Doing Business in the Philippines - Call Centers Come to Life at Night

Outsourcing is the fastest growing industry in the Philippines, ranks second to India worldwide on the strength of its excellent reputation for voice based communications and expertise in back office processes like accounting, bookkeeping and web development. It helps that the country has embraced the social network revolution in a big way, first with Friendster (largest demographic) and now Facebook where 1 in 4 online Filipinos maintain an account. A growing cadre of Virtual Assistants, SEO experts and Customer Service agents crowd the streets of Philippine business centers of Makati, Ortigas, the Fort and Cebu. Companies looking to harness this valuable resource must consider how the country's labor pool function when confronted by changing political and socioeconomic realities. A quick visit to gave me a good sample of available knowledge workers in Metro Manila alone.
The corner of Legazpi St. and Rada St. was your typical big city street scene - bustling traffic, swarming lunch traffic, daily urban noise. Who would have imagined this scene at midnight? Starbucks compete with 7-11s in every corner. While McDo and KFC serve it hot at 2am. Welcome to Makati City's new night life. This is the new business environment.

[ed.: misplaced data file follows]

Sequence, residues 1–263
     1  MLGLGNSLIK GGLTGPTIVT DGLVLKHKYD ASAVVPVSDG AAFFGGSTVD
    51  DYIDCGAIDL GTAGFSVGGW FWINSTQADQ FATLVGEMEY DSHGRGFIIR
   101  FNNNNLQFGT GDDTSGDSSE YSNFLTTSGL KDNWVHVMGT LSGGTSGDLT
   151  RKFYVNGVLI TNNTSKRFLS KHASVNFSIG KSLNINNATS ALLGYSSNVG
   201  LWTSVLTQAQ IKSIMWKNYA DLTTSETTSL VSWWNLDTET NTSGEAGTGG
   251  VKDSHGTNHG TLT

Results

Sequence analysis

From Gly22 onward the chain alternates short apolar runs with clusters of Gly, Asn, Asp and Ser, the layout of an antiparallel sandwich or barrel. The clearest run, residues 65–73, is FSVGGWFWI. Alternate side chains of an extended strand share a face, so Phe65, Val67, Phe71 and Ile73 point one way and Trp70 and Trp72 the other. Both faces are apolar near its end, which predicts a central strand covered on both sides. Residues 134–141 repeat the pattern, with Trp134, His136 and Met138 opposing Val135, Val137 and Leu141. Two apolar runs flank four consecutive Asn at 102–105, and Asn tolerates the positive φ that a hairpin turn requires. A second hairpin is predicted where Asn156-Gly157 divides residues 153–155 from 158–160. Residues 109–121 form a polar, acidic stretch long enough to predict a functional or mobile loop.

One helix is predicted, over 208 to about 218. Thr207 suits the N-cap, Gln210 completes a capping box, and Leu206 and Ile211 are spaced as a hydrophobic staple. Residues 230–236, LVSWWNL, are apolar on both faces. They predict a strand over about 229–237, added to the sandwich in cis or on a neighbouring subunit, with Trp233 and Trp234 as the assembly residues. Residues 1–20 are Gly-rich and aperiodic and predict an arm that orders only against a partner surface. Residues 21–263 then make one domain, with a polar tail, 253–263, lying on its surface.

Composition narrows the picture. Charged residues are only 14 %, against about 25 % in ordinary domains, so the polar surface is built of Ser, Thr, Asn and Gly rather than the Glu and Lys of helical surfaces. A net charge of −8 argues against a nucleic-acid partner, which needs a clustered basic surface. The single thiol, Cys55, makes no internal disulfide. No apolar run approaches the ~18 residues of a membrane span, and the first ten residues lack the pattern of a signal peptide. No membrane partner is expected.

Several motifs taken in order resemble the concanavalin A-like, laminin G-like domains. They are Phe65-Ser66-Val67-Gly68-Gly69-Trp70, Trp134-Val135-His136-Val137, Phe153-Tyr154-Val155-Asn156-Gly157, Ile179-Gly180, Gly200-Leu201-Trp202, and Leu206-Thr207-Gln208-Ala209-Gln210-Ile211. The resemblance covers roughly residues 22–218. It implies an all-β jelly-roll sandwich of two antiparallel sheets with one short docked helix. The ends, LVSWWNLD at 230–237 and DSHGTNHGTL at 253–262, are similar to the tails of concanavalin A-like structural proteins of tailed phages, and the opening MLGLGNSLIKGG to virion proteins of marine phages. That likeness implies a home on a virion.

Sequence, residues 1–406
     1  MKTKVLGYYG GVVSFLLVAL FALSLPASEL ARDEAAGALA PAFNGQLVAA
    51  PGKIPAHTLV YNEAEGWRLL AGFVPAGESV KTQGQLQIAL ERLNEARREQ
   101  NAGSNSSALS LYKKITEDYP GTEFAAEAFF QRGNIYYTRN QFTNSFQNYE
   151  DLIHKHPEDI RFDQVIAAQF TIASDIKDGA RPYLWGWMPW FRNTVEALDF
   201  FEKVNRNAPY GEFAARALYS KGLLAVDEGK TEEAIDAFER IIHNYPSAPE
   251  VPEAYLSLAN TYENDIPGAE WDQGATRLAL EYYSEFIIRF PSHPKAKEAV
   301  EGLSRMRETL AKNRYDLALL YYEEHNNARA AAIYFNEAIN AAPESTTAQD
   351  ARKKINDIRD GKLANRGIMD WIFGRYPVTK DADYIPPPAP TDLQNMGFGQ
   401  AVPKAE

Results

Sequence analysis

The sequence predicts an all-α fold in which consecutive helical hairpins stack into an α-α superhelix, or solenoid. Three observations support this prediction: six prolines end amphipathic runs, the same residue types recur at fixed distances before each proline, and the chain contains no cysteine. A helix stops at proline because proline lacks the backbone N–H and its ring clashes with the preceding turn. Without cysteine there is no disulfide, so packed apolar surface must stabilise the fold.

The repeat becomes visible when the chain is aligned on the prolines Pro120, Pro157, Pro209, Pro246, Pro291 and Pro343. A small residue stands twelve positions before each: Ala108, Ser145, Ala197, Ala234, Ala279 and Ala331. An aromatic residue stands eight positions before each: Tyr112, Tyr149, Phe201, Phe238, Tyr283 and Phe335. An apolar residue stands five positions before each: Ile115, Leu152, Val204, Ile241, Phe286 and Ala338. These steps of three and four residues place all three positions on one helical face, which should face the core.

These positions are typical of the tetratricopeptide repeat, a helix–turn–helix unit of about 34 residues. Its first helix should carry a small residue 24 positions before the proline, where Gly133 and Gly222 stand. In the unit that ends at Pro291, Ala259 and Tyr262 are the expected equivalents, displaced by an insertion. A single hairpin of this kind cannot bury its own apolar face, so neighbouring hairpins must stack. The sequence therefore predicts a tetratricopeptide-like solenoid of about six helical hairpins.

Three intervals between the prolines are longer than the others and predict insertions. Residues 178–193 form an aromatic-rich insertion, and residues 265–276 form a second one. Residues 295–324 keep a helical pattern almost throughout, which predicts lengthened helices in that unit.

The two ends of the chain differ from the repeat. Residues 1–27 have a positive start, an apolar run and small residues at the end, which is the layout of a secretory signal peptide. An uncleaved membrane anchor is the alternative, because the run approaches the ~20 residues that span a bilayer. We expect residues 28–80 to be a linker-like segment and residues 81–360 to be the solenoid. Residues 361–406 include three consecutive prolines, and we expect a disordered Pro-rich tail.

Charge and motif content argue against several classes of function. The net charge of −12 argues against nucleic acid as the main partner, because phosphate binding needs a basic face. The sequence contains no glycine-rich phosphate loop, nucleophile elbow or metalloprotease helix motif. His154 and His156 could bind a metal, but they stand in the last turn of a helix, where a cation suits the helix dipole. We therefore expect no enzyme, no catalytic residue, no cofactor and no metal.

We see the dynamics of this industry 4 months later, when the same call centers around Makati are buzzing with animated chatter about the latest political scandals rocking the Philippines. New witnesses give more weight to recent allegations of extreme corruption in high places, senate hearings fill the airwaves and make daily news headlines. Its impossible to ignore but what do our new heroes have to say about it all?
" Its sad about the state of our nation, but I have a quota to fill otherwise I'll never be a permanent employee...", says Jules Young, longtime Assistforce Virtual Assistant, underscoring the importance of business as usual over politics.
"Sana binigay na lang nila ang perang kikitain sa tao, e di may pambili na sila nang calling card na benta naming sa trabaho!" (I'd much prefer getting the money back from all the corruption, then the people can use the money to buy phone calling cards - more business for us!) - Joanna Enerlan, Assistforce web designer.
When asked about the rallies scheduled in Makati that afternoon and if they are joining, most begged off, citing the need to sleep and prepare for the night shift.
This month's topic of interest: GMA announces her bid for Congress in 2010. Predictably, there are no protests, strikes, nothing. People are in the business of making a living working at night servicing businesses in New York and Los Angeles - can't spend too much time in politics when there's only so much hours in a day to sleep.